A $500,000 grant was awarded to the University of Tennessee and Virginia Tech by the United States Department of Agriculture. The researchers based in Knoxville are studying pollination between genetically modified switchgrass and hemp. The team will use drones and mathematic models to study the pollination process in the two crops.
“The models are crucial for making well-versed decisions and determining the suitable isolation distance for GE plants,” said David Schmale.
Schmale is a professor at Virginia Tech College in the school of Plant and Environment Sciences as reported in the Augusta Free Press
Shane Ross, a professor in the Virginia Tech Department of Ocean Engineering and Aerospace, said that understanding the pollination process in genetically modified hemp is critical for the future of the marijuana and hemp industry.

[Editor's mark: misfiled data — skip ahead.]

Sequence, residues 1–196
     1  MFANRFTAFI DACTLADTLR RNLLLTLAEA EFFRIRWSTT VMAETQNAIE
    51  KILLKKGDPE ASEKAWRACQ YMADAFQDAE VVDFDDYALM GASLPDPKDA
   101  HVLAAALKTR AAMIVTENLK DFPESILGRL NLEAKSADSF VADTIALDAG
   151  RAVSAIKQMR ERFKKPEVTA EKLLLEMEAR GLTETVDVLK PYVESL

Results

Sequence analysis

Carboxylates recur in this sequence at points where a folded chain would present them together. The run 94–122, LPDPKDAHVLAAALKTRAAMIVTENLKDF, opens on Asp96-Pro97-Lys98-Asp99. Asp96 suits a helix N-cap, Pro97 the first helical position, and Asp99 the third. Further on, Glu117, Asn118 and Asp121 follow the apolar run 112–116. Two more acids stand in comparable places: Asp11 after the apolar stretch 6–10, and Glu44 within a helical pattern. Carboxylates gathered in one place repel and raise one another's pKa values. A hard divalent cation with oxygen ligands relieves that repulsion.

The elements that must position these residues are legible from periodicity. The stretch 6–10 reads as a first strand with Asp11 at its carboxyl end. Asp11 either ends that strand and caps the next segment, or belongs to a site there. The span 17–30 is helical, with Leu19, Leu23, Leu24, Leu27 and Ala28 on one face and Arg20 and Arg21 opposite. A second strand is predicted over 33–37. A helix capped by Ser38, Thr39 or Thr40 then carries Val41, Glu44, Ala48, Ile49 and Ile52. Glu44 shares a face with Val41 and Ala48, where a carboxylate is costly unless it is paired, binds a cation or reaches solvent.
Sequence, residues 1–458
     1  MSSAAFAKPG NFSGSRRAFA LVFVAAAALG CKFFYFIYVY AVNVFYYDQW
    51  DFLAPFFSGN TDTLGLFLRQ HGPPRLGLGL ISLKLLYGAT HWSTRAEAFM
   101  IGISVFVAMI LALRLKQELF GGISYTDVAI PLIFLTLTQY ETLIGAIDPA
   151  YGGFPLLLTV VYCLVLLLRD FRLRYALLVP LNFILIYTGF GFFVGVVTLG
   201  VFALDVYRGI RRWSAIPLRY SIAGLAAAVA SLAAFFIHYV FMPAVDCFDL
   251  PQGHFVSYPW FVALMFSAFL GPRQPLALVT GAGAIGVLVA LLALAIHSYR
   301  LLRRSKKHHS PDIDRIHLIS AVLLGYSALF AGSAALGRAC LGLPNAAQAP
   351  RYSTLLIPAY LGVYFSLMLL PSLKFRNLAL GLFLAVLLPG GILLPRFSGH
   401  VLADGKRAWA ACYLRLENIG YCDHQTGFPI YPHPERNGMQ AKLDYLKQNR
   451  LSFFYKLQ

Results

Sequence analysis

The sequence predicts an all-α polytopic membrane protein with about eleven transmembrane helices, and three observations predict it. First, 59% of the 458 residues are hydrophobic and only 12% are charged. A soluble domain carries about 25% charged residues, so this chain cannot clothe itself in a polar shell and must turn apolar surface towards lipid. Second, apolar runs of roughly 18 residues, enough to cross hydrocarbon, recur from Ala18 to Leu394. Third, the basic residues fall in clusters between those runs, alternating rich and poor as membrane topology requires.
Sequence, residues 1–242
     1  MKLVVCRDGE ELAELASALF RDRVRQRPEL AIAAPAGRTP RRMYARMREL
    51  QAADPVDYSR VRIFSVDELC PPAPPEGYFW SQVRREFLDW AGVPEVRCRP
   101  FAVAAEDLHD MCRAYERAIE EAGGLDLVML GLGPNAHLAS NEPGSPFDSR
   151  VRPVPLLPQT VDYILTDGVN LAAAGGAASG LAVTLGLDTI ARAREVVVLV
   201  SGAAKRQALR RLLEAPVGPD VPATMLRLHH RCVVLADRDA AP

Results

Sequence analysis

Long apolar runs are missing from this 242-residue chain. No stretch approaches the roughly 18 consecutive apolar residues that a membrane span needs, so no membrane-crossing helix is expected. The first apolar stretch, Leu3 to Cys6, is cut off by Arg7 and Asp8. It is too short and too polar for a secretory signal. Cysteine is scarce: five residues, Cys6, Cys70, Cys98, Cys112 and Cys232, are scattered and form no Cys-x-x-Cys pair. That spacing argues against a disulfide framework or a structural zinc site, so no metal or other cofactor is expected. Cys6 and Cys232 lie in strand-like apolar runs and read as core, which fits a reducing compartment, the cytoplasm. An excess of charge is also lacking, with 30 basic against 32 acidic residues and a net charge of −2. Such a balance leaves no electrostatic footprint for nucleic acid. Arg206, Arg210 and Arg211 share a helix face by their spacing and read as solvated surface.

“When long-distance pollination takes place, there might be inadvertent contamination of different varieties of hemp like those used for cannabidiol (CBD) and fiber,” said Shane Ross.
According to Ross, the main objective of the team is understanding the furthest the pollen trajectories can travel.
“With the help of sensor drones, we will be able to collect the pollen and predict how far from the source they can travel in different directions,” said Shane. “Our models will be taking input such as humidity, wind condition, temperature, and the size of the pollen. They will then rely on the input to give predictions of the pollen grains trajectories and their areas of deposition.”
According to Schmale, the researchers had initially planned to study pollination in switchgrass. However, due to rising interest in hemp, especially for CBD, they decided to add it to the project. He admits that research on pollination in hemp has not been conducted.